In October I heard Julianna Baggott give the keynote speech at the "Push to Publish" workshop and loved her take on creative efficiency (down with word count as a measure of creative output!). After the talk, I purchased a copy of Pure, the first book in Ms. Baggott's Pure Trilogy, "a post-apocalyptic, dystopian thriller and love story."
I finished Pure last night and there is much to admire about it. Ms. Baggott has a wonderful flair for description ("The skies were buckling with dark banks of blackened cloud..."). She also has an ingenious mind for plot devices, such as the fact that during The Detonations (a specter of Hiroshima and Nagasaki), people fused with inanimate objects and even other people, often with horrifying results. There is one especially affecting scene involving a man and a car.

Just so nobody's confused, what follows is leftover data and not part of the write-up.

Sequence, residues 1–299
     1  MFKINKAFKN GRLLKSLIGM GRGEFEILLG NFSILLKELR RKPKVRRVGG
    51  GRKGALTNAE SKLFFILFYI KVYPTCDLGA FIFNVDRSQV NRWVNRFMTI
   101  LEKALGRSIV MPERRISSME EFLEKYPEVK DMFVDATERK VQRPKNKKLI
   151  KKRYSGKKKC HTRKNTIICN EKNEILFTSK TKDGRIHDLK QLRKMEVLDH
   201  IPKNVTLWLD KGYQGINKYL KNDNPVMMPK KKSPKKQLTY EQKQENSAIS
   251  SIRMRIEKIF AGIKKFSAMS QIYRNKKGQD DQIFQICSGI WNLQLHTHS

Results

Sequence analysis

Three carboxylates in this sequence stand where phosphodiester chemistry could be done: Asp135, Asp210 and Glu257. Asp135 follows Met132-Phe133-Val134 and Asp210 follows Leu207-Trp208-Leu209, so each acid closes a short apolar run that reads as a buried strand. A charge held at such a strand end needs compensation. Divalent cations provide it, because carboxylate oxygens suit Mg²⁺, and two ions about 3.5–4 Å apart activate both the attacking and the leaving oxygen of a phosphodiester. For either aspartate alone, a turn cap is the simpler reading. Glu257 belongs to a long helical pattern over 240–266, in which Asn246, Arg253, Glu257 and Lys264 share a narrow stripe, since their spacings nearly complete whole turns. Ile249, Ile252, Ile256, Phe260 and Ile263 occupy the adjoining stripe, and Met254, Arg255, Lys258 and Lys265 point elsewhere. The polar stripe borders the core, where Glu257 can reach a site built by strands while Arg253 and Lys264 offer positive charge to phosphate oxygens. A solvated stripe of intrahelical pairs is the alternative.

However, I don't think I'll be moving on to Book 2 of the Trilogy. Ms. Baggott kept the story in Pure at such a heightened intensity throughout that I became exhausted by it. The plot galloped from one harrowing event to the next with little exploration of the effects of those events on the characters. The man-fused-with-car scene, and its surrounding characters and story, could have been a book on its own. By the end, I had become numb to scenes that should have packed an emotional wallop. I would have found the book more satisfying if Ms. Baggott hadn't cast her storytelling net quite so wide, and hadn't focused quite so relentlessly on the gory extremes of human experience.
Pure has won a slew of accolades so it's clearly not a matter of the writer's skill but rather of the reader's preference. So my question to you is ...
What is an example of a book that packs a lot of high intensity material into its plot, and did you find it engaging or overwhelming?
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